Some time ago I discovered something really cool. It turns out Emacs has a package named `range`

which can be used to operate on, well, ranges of integers. The truth is, it supports much more: arbitrary finite sets of integers.

For example, you can use the function `range-compress-list`

to convert a (sorted) list of integers into a “compact” range notation:

(range-compress-list '(1 2 3 5 6 7 10 15 16)) ;; => ((1 . 3) (5 . 7) 10 (15 . 16))

Of course, you can also perform the opposite conversion:

(range-uncompress '((1 . 3) (5 . 7) 10 (15 . 16))) ;; => (1 2 3 5 6 7 10 15 16)

The cool thing is that there is a set of set-theoretic operations implemented there (pun intended!), though one of them is named in a bit unexpected way:

(range-member-p 4 '((1 . 3) (5 . 7))) ;; => nil (range-concat '((1 . 3) (5 . 7)) '((2 . 6))) ;; => ((1 . 7)) (range-difference '((1 . 10)) '((4 . 6))) ;; => ((1 . 3) (7 . 10)) (range-intersection '((1 . 3) (5 . 7)) '((3 . 8))) ;; => (3 (5 . 7))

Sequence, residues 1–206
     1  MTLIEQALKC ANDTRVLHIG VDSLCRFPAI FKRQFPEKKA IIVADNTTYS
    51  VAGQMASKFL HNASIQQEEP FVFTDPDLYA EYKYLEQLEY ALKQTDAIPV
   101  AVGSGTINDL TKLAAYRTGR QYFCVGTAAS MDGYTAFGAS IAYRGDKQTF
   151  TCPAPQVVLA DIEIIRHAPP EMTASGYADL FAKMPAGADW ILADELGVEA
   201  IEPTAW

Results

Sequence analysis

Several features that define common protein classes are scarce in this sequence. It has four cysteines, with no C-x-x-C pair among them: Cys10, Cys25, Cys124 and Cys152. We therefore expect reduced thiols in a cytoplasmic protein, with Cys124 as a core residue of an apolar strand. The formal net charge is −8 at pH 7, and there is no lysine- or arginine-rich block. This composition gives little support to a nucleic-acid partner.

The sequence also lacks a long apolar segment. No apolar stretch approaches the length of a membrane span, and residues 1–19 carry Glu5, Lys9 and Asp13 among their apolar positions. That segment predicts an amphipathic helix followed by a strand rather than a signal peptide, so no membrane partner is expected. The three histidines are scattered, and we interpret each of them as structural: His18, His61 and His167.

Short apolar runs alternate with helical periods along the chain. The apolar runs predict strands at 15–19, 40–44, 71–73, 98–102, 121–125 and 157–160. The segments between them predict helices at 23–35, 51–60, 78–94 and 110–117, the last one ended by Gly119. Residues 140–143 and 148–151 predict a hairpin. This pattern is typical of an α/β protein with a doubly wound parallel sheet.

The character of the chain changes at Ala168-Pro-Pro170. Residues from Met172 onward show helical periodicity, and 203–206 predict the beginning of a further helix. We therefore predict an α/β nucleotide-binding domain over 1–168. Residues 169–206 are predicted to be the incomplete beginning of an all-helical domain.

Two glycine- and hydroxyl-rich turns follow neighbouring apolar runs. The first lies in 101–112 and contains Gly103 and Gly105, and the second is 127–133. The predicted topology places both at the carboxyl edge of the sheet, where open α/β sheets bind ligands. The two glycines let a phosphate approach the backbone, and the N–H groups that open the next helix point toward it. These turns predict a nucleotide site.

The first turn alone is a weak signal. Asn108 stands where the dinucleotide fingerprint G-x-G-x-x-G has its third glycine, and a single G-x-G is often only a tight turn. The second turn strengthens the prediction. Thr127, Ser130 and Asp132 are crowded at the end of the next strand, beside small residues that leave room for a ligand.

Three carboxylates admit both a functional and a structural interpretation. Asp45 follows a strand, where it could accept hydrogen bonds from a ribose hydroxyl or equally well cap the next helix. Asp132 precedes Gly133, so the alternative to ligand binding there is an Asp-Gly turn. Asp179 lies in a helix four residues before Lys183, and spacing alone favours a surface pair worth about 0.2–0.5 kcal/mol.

I have no idea if I will ever use this. The only use-case I can think of would be to say something like `(range-uncompress '((1 . 10)))`

to get `(1 2 3 4 5 6 7 8 9 10)`

– but this can be done without `require`

’ing `range`

, using `(number-sequence 1 10)`

. Still, `range`

looks really cool! (If you are wondering, the only place in Emacs code where `range`

is actually used seems to be Gnus, and I didn’t look how exactly it is used – Gnus is a huge beast, I wasn’t brave enough to dive into its code.)

I suppose the bottom line is that you can find real gems in Emacs sources if you look in the right place. Like I didn’t know *that* already…